House Majority Leader Ronald Mariano told the State House News Service early this morning, "We were just too far apart philosophically to a come to a resolution that fit our agenda."

The Quincy Democrat said the House was focused on trying to find a way to financially stabilize community hospitals in the short-term with assessments on insurers and large hospitals, while he said the Senate "wanted a market driven approach." "We just thought we couldn't wait," Mariano said.

Katie Holahan, Vice President of Government Affairs at AIM, said, the lack of agreement on health care reflects the enormous complexity of the issue. She said AIM and its employer-members will continue to work with the Legislature to find ways to moderate the cost that companies face in providing health coverage for employees.

“While final action was not taken on major health-care legislation, we remain gravely concerned that – without long-term reform to MassHealth and the commercial market – Massachusetts’ health-care costs will continue to increase unchecked. Until reform is achieved, no relief is in sight for employers and their workers seeking to access care at a reasonable cost,Holahan said.

The conclusion of formal sessions on July 31 of even-numbered years generally means the end of the line for controversial bills. Lawmakers will meet for the remainder of 2018 in informal sessions, when a single lawmaker may stop any measure with an objection.

(Contact Holahan at kholahan@aimnet.org or 617.262.1180 for more information.)

Topics: Massachusetts Legislature, Non-Compete Agreements, Energy, Health Care

Health Care, Energy, Non-Competes on Table in Final Days for Legislature

Posted by John Regan on Jul 30, 2018 9:12:20 AM

Beacon Hill lawmakers will complete their version of final-exam week Tuesday at midnight as the Legislature races to complete bills before the end of formal meetings for 2017-2018 Beacon Hill session.

State House 2015The conclusion of formal sessions on July 31 of even-numbered years generally means the end of the line for controversial bills. Lawmakers will meet for the remainder of 2018 in informal sessions, when a single lawmaker may stop any measure with an objection.

The most important issues to employers have already been resolved in advance of this year’s end-of-session rush. The Massachusetts Supreme Judicial Court last month invalidated a potential income-tax surcharge constitutional amendment, while negotiations over three other ballot questions produced agreement on a compromise paid family and medical leave law, as well as a minimum-wage increase.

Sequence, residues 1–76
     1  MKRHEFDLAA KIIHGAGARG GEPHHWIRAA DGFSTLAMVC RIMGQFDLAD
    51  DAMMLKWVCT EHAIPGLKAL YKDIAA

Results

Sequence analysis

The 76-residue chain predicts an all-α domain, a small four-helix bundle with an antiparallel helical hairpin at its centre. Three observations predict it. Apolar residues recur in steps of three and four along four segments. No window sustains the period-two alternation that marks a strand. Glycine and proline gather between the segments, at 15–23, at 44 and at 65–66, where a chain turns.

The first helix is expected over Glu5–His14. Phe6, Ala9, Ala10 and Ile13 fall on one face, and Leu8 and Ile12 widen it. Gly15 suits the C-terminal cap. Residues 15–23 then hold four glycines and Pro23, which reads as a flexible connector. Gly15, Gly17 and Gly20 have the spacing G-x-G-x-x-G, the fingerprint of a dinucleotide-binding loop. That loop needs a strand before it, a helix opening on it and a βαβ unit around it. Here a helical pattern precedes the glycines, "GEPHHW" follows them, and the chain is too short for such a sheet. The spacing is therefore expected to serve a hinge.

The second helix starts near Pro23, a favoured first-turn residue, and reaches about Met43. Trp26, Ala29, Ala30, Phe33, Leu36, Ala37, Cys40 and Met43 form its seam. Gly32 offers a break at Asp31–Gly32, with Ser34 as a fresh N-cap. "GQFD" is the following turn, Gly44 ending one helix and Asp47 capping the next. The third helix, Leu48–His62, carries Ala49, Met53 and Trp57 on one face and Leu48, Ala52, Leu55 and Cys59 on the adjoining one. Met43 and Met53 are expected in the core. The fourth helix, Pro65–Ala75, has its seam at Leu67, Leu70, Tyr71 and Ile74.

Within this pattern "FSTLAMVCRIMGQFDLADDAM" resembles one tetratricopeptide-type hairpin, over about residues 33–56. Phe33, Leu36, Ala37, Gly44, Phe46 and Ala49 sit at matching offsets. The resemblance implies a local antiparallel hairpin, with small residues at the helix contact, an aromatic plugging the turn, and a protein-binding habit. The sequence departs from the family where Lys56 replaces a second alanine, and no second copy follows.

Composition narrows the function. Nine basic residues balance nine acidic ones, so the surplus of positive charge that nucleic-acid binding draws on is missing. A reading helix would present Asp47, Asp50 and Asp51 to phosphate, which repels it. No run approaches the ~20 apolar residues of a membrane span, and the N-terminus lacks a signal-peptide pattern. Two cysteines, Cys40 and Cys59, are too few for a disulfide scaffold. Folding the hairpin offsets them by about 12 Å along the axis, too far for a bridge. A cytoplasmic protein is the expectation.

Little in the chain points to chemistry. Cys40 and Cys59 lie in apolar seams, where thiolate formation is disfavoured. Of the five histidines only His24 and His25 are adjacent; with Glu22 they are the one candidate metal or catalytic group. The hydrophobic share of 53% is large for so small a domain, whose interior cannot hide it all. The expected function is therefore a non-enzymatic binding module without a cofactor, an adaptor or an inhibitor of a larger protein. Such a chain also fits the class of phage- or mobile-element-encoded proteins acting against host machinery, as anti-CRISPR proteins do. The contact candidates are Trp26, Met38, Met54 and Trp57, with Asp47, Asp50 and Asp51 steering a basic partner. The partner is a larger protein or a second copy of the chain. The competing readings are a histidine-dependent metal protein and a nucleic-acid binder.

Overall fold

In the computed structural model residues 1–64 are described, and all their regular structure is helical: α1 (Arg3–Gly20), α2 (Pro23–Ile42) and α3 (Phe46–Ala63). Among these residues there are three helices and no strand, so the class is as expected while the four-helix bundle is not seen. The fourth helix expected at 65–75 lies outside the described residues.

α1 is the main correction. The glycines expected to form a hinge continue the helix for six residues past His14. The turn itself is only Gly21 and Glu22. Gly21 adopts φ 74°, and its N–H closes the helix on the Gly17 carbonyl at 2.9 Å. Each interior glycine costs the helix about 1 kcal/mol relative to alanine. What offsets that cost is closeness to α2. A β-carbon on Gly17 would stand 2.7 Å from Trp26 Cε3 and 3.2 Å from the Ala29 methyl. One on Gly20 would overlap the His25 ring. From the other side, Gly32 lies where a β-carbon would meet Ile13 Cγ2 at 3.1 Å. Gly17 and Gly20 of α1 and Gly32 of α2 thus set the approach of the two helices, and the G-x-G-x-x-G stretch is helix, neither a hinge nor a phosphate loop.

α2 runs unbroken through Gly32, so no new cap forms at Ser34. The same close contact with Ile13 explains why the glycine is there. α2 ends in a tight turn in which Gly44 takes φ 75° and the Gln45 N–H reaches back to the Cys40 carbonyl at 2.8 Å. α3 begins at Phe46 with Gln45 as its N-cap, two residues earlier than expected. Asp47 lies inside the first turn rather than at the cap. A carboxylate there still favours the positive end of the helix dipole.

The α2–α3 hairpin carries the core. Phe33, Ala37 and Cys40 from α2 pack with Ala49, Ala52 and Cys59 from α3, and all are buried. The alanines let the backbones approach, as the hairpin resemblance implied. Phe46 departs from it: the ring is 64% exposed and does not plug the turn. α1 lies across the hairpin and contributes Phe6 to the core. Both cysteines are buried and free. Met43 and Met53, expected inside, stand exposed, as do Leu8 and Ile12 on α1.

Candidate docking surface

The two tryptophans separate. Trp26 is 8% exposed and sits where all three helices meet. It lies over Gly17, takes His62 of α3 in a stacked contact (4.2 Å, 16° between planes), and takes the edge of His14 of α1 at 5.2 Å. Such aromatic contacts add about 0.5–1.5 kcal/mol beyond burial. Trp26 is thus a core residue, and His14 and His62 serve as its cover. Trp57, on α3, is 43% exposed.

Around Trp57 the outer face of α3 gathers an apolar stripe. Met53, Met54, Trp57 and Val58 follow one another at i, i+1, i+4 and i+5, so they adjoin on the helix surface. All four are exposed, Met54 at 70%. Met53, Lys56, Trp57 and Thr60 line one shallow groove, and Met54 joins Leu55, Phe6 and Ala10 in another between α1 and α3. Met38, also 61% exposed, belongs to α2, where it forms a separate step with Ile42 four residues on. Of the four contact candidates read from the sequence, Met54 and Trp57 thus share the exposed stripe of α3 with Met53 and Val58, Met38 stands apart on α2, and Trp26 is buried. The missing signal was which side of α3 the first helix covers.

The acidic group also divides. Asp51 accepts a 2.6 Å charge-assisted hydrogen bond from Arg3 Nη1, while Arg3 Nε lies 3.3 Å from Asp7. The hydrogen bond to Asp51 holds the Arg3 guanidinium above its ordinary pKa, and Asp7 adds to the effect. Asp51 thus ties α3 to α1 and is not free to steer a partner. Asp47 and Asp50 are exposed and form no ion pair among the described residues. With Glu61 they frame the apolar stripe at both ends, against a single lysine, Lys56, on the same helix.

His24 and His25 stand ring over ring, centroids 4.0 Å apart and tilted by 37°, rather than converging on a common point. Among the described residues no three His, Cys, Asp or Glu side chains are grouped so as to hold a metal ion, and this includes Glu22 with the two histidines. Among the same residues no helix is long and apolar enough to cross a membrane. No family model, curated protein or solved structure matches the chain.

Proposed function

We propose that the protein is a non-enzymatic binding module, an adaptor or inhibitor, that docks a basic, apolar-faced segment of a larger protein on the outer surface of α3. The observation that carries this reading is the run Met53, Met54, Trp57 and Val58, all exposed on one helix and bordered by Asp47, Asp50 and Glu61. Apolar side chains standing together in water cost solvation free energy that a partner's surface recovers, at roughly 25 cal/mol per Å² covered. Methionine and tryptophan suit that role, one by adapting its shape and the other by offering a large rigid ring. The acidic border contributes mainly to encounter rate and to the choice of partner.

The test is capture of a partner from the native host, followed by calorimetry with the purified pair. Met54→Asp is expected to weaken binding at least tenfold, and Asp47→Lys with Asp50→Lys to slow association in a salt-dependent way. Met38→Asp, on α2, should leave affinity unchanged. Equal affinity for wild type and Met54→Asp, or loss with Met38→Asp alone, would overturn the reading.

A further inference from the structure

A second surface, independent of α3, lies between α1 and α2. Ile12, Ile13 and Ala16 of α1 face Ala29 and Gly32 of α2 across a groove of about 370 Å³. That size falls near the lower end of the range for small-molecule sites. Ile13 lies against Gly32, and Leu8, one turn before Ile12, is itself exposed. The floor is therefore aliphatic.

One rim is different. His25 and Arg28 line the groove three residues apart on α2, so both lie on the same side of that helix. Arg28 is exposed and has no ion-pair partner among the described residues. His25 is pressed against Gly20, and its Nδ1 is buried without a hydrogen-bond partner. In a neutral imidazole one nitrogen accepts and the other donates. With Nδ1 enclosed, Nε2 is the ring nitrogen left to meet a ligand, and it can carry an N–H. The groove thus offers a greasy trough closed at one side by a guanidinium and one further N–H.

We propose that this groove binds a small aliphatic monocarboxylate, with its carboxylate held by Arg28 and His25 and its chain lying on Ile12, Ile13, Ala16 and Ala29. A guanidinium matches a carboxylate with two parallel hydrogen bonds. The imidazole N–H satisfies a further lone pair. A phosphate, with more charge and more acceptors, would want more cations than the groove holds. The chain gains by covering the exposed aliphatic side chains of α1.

Three key employer issues remain on the table during the waning hours of debate:

  • Health care reform – The House and Senate passed different versions of health reform and a conference committee is working to hammer out a consensus bill. AIM remains concerned about both bills because they include expensive assessment. Neither bill reforms the MassHealth program for low income residents, where employers are paying a $200 million assessment to close a funding gap.
  • Energy – Measures passed by both the House and Senate could significantly increase the percentage of clean-source electricity used by Massachusetts consumers. AIM believes the bills could have the perverse effect of squeezing out clean hydro power and interrupting the successful roll-out of the 2016 energy law.
  • Non-compete agreements – The Senate, as part of an economic development bill, largely adopted the same modest restrictions on non-competes that AIM and other business groups supported two years ago as part of a compromise with House Speaker Robert DeLeo. But deep-pocketed venture capitalists continue to press for an outright ban and prospects for passage remain uncertain.

Employers also received some good news last week when Governor Charlie Baker signed the budget for the fiscal year that began July 1. The budget authorizes the administration to develop a hardship waiver for employers liable for the MassHealth surtax. Details remain to be developed.

The budget also provided full funding for the Massachusetts Manufacturing Extension Partnership.

Please contact me at 617.262.1180, or jregan@aimnet.org if you need more information on any of these issues. 

Topics: Massachusetts Legislature, Controlling Health Care Costs, Non-Compete Agreements, Energy

History and Hope in the Massachusetts Senate

Posted by Rick Lord on Jul 26, 2018 8:00:00 AM

SP.SpilkaJPGThe passing of the Massachusetts Senate presidency today from Harriett Chandler to Karen Spilka represents a transition from one woman who has gracefully led the chamber through a period of turbulence to another who offers significant hope for an inclusive approach to the employer community.

Senator Chandler, a Worcester Democrat, assumed the presidency in December after former President Stanley Rosenberg of Amherst resigned amid a scandal. She steered the Senate through the ensuing months while developing consensus on important issues such as the “grand bargain” that headed off a dangerous ballot question on paid leave.

Senator Chandler deserves tremendous credit for conducting her work with the decorum and decency so often missing in American politics these days. She and Senator Spilka jointly announced the transition in April after the Ashland Democrat secured the support needed to guarantee her election as president.